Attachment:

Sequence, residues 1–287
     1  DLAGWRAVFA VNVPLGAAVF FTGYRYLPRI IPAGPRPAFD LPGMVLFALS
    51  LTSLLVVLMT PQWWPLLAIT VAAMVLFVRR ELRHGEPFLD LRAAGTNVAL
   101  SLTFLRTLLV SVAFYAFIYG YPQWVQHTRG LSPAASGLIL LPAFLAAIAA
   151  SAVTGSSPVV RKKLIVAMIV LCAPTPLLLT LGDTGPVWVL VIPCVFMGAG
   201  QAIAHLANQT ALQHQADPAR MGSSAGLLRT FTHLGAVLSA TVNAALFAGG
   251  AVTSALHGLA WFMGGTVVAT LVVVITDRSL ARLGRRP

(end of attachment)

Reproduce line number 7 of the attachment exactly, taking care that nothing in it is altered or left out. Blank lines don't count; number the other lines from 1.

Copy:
   251  AVTSALHGLA WFMGGTVVAT LVVVITDRSL ARLGRRP